Friday, December 29, 2006
Wednesday, December 27, 2006
Jessica, Gavin, and Hugh are having fun this evening playing a game of Monopoly. Jessica is really good at Monopoly. Of course, she is! Her degree is in Economics! Gavin and Hugh are going to team up but I still think Jessica will win. We'll see.
The weather is clearing and we've had a beautiful blue-gray sky this afternoon. The prediction is for temperatures in the mid 20's tonight and perhaps some ice in the morning. It was a good day to make more soup. I made split pea soup from the Christmas ham:
Split Pea Soup
Soak 2 cups split peas. Drain them, reserving liquid and add enough water to make a total of 10 cups. Add peas and cook, covered for 3 hours with a meaty ham bone. Add 1 onion chopped fine, 2 stalks celery (including leaves) chopped, 1 clove minced garlic, and 1/2 cup chopped carrots. Cook for another 30 minutes. Remove bone and put soup through a sieve. Chill. Remove fat. Season to taste and serve with slices of homemade bread.
We had our Christmas feast on Christmas Eve followed by a Christmas Eve service at the church. There were about 30 of us. The choir sang "On This Christmas Night", "Mary's Little Boy Child", and "In the Bleak Midwinter". The service was very simple with scripture read by the youngest members, interspersed with music, either from the choir or with everyone singing traditional carols. At the end we each held a lit candle and quietly sang "Silent Night". Afterwards we enjoyed cookies and punch. I feel very fortunate that I am a member of this small country church.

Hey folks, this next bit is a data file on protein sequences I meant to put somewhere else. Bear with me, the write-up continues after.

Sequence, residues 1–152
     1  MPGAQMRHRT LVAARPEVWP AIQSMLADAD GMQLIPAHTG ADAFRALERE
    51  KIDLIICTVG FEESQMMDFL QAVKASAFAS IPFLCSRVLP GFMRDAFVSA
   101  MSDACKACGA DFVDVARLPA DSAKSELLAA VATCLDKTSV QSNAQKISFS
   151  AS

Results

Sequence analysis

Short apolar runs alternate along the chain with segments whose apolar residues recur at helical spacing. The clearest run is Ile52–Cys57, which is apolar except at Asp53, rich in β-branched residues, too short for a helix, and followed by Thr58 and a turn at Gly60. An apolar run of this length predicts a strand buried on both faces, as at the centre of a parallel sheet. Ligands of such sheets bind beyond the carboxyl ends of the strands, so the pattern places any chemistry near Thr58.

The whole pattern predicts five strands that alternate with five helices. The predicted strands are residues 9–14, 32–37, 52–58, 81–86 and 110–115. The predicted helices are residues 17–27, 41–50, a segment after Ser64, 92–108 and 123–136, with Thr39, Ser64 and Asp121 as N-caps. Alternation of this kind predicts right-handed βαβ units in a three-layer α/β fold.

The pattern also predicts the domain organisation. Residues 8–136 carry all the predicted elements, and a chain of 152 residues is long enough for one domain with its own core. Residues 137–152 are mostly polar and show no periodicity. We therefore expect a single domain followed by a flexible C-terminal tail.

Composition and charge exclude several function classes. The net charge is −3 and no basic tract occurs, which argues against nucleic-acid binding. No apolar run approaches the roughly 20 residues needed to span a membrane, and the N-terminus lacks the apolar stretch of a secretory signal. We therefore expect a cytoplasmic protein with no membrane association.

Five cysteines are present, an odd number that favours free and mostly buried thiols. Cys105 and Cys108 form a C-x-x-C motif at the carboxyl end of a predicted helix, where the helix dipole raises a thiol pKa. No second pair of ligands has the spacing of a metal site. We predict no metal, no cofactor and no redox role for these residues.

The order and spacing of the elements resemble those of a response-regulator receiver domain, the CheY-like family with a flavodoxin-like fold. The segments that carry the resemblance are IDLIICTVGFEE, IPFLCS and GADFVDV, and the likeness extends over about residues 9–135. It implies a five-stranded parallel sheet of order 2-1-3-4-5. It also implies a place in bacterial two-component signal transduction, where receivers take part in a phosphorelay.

Gavin came last night and was joined this morning by Jessica. Owen and Sarah arrived mid-morning. We had our traditional Christmas breakfast followed by present opening!
So, you're wondering if you read a previous post, just what was that surprise gift John had gotten for me? It was a wireless color printer/scanner/fax. I had told him I'd wanted to be able to access my color printer now that we've gone wireless but instead I got a new printer. (My birthday gift this year from John was a plane ticket for Jack to come visit us sometime this year. My anniversary gift was a portable GPS so I won't get lost. He always saves the romantic gifts for Valentine's Day.) I also received a candle, a homemade bread, and a knitting pattern a day calendar. My favorite gift was a Bird Songs book. This is the description from Amazon Books:
"Drawing from the collection of the world-renowned Macaulay Library at the Cornell Lab of Ornithology, Bird Songs presents the most notable North American birds including the rediscovered Ivory-billed Woodpecker in a stunning new format. Renowned bird biologist Les Beletsky provides a succinct description of each of the 250 birds profiled, with an emphasis on their distinctive songs. Lavish full-color illustrations accompany each account, while a sleek, built-in digital audio player holds 250 corresponding songs and calls. In his foreword, North American bird expert and distinguished natural historian Jon L. Dunn shares insights gained from a lifetime of passionate study. Complete with the most up-to-date and scientifically accurate information, Bird Songs is the first book to capture the enchantment of these beautiful birds in words, pictures, and song. The Cornell Lab of Ornithology, located in Ithaca, New York, is a nonprofit institution focused on birds and whose mission is to interpret and conserve the earth's biological diversity through research. The Macaulay Library at the Cornell Lab is the major source of sound recordings of birds for research, education, conservation, the media, and commercial products."